Deutsch wasn't kidding about the nastiness of the article. Newsweek's Lois Romano threw acid at Bachmann about her dangerous "shtick" of "intransigence." Here's a typical, sneering sentence: "For now, Bachmann revels in the Iowa crowds, which don't fuss about the missing fine print behind her ideas, the perceived contradictions among them, or their radicalism."

Newsweek claims to loathe contradictions -- as they write long, nasty editorials and then claim like complete hypocrites that they're publishing a "news" product.

There are at least three reasons for the media's everlasting enmity. The first is Bachmann's staunch and vocal conservatism on TV. She has become the most identifiable member of Congress aligned with the Tea Party, which to the liberal media is a cancer on our politics that like a tumor must be removed. Bachmann's opposition to President Obama and his radical agenda was red-hot before the Tea Party "rage" was born.

The second is Bachmann's deeply-held religious faith. She's an evangelical conservative who doesn't hesitate from a fight on cultural issues like abortion and "gay marriage." Our secular press corps seriously despises people who dare to assert that America is great in part because America has been and is inspired by Judeo-Christian values. Their ideal of a "devout Christian" is Barack Obama, who devoutly spends most Sundays golfing.

Third is Bachmann's gender -- but that's closely associated with the first two. If you're a liberal woman, the media will celebrate your presidential run as shattering a glass ceiling. But as we just learned with Sarah Palin, a conservative woman on a national ticket is going to get nothing but a carpet-bombing from the powers that be in "compassionate" journalism. (The same narrative applies to conservative blacks. Just ask Clarence Thomas.)

There are many Republicans infatuated with the idea of countering Obama in 2012 with female or minority conservatives, be it on the presidential and/or vice presidential ticket. But it's quite obvious that the media -- especially liberal females and minorities in the media -- loathe the very thought, regardless of the person. They don't want to give up their "making history" template for two seconds.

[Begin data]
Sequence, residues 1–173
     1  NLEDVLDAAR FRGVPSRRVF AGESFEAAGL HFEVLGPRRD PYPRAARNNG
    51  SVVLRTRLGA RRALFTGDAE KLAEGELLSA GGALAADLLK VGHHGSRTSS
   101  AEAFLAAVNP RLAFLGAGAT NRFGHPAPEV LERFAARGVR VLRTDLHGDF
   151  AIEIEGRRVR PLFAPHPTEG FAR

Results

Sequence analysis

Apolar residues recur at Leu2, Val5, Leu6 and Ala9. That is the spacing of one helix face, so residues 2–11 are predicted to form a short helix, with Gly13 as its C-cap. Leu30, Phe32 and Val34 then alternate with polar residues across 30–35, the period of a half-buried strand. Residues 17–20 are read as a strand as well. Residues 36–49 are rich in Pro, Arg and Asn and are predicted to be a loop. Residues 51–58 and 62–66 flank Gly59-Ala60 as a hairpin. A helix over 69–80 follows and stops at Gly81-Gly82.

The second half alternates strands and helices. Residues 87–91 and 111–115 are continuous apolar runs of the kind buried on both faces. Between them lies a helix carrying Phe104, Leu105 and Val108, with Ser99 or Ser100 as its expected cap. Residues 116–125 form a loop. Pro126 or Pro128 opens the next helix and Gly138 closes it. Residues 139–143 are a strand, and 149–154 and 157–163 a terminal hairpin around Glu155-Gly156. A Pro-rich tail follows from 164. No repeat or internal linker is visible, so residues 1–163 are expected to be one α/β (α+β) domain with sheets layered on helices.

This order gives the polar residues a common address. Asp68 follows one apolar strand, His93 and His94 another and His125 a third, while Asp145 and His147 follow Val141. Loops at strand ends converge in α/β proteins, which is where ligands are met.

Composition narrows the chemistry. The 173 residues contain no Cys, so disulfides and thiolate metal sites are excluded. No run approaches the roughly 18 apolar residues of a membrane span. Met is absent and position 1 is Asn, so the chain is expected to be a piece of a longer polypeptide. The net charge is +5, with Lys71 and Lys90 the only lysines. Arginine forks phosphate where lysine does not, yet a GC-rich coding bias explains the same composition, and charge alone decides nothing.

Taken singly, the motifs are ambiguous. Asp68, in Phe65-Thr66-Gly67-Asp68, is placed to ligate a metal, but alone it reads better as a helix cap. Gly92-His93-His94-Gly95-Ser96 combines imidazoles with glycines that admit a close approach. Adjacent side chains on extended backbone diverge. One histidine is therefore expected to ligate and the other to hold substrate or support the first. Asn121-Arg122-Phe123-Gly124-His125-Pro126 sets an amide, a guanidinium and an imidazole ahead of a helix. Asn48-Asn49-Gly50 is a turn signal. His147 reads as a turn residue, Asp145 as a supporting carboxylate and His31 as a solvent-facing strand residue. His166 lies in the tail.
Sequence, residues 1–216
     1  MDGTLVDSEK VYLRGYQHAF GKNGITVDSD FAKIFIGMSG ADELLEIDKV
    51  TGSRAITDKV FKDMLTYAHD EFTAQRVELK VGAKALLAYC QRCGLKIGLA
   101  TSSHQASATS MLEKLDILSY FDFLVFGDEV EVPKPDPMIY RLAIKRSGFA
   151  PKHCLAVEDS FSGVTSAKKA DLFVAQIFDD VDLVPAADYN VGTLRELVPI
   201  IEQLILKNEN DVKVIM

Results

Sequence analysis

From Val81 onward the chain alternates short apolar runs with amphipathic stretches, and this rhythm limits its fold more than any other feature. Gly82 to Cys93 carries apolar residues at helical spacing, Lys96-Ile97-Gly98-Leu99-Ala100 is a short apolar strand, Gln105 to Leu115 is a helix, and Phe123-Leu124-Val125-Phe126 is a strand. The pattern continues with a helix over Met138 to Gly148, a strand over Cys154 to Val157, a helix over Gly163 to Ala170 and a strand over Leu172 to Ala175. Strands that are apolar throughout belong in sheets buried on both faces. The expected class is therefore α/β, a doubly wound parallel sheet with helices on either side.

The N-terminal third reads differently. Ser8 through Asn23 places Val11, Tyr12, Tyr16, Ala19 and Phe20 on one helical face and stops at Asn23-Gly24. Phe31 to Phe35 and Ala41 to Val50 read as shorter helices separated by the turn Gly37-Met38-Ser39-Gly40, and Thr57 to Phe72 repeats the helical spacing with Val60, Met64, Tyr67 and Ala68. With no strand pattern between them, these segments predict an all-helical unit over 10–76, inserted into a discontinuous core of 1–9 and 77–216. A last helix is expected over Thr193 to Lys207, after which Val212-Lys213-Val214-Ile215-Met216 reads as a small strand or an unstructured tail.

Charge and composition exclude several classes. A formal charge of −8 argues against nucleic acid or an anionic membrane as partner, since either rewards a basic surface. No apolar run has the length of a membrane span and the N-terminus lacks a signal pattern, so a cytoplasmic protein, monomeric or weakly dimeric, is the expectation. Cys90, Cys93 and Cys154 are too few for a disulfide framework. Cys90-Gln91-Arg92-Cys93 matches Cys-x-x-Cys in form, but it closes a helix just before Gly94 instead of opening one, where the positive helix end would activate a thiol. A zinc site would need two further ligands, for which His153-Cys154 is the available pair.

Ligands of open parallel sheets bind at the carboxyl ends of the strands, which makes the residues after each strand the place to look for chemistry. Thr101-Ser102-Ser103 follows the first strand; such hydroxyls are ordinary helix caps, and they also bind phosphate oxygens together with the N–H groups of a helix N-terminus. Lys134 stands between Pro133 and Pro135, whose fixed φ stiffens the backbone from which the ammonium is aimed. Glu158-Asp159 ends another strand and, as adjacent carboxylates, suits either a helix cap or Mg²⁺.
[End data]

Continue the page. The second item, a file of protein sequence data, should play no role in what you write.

Five months ago, new Newsweek boss Tina Brown's first cover championed Hillary Clinton and "How she's shattering glass ceilings everywhere." Brown doesn't really want conservative women to shatter that metaphorical ceiling first. After a run of victories by conservative female candidates in the 2010 GOP primaries, Brown went on ABC and with a straight face called the wins "a blow to feminism."

And she calls Michele Bachmann the Queen of Rage.



The Authoritarian Temptation

In the weeks during and since the debt-ceiling debate, the media, pushed by the Democratic Party, has peddled the propaganda that our government is broken -- because the Republicans in the House of Representatives negotiated a better deal than the liberals wanted.

While it was President Obama and Treasury Secretary Timothy F. Geithner who, during the debate, said they couldn't assure payments of Social Security or interest on the federal debt payments (while Republican leaders guaranteed there would be no lapse in such payments) it was the GOP that the media accused of irresponsible threats.